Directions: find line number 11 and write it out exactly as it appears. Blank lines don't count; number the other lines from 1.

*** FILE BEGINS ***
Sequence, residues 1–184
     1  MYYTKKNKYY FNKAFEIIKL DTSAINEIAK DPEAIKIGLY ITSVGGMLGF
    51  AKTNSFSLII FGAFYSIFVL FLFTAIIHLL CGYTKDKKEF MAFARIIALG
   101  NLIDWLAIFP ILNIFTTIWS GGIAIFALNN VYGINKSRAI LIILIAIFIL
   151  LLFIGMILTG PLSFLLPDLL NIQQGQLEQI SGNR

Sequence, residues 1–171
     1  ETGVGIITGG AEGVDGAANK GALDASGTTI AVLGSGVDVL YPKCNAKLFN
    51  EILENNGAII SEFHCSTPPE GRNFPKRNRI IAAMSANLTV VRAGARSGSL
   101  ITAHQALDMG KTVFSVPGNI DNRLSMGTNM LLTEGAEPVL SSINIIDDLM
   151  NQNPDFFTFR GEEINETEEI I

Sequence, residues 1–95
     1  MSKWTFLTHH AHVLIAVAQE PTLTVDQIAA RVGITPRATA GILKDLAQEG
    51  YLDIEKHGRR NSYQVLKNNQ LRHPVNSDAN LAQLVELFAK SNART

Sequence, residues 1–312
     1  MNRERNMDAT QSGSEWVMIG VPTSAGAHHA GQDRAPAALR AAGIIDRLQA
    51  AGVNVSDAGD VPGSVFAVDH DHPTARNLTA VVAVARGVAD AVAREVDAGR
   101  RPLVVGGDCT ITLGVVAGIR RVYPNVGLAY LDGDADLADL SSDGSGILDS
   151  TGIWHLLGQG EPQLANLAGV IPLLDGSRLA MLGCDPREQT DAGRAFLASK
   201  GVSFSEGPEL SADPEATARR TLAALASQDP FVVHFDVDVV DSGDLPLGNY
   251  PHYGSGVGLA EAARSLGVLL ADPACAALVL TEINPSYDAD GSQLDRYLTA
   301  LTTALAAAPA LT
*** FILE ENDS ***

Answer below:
Sequence, residues 1–95